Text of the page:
Last year, Armen Gularyan the deputy chairman of Armenia’s Urban Development Committee discussed the possibility of constructing another subway station on the already existing line. This proposed stop, between the Sasuntsi David and Zoravar Andranik stations would offer direct access to the Surmalu and Petak shopping malls. It’s unclear whether this proposal will be included in the new metro extension plan.

Meschyan has also announced the re-construction of a cable-car network connecting Kentron (the city-center) with the Nork-Marash and Nor-Nork neighborhoods perched atop the hills surrounding Yerevan. These communities were previously connected by a Soviet-era cable-car which was scrapped following a fatal crash in 2004. Currently, only the two-lane Armenakyan street runs down the steep hill to the city center. This road is frequently blocked by snowfall or ice in the winter.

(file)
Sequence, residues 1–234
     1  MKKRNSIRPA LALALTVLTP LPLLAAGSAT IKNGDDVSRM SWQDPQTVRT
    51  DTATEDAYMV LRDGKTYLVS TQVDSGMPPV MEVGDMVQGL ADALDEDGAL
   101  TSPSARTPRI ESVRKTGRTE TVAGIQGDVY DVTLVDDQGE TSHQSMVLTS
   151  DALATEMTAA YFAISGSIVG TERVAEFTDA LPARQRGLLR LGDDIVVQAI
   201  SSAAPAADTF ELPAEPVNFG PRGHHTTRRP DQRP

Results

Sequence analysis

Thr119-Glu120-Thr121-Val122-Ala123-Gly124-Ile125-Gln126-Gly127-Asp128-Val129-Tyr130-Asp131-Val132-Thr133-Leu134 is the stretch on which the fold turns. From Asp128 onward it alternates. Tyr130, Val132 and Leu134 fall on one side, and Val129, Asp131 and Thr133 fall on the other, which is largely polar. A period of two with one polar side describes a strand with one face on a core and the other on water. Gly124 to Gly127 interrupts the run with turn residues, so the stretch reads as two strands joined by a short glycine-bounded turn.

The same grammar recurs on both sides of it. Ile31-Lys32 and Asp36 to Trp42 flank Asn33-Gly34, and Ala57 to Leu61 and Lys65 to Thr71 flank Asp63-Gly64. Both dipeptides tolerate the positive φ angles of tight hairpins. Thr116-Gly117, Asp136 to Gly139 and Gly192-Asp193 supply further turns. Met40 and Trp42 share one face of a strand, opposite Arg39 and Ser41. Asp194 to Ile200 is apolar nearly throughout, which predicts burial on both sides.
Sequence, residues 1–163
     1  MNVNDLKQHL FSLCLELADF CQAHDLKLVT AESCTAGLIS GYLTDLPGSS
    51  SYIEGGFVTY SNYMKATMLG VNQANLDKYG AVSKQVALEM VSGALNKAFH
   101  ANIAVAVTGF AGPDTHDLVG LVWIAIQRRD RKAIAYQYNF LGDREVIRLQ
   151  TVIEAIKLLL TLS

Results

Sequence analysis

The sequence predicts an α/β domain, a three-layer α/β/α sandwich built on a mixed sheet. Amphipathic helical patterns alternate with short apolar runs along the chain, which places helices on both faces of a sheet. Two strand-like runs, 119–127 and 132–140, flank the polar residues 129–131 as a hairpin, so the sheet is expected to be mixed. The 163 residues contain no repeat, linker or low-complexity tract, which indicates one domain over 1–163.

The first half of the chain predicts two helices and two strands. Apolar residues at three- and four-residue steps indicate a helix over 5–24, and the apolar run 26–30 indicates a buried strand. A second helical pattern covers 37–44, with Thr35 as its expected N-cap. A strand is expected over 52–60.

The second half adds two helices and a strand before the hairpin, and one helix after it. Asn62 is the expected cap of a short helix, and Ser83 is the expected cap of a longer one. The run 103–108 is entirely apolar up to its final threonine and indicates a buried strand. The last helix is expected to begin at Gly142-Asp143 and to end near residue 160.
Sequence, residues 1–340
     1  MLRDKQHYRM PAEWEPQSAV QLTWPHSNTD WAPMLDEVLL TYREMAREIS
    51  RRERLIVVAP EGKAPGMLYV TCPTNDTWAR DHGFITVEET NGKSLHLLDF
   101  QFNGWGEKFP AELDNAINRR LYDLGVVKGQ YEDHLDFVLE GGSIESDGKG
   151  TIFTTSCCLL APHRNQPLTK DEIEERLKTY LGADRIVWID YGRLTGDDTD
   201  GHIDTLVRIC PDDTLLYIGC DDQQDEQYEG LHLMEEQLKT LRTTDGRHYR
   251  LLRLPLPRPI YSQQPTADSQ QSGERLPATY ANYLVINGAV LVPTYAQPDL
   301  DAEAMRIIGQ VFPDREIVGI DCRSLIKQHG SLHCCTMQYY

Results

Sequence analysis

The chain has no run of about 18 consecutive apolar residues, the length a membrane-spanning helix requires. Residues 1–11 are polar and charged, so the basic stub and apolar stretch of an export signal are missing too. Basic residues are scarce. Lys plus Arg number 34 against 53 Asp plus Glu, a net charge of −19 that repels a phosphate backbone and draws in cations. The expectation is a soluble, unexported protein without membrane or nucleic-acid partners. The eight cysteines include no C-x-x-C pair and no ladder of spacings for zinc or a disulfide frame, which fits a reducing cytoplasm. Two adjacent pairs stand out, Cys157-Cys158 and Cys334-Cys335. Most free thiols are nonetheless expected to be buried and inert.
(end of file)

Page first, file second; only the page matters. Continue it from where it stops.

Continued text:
The city is also expecting a shipment of Chinese-made municipal buses, which will replace most of the aging marshroutkas on the roads. These had been ordered by the previous administration as part of a new public transit plan drafted by the British consulting firm WYG International Limited. The plan, which was submitted for review in 2017 would take an estimated $100 million to implement while keeping fares unchanged. The incoming Marutyan administration has delayed its implementation by several months, citing the need for further studies on bike lanes and street parking.


Raffi Elliott

Columnist & Armenia Correspondent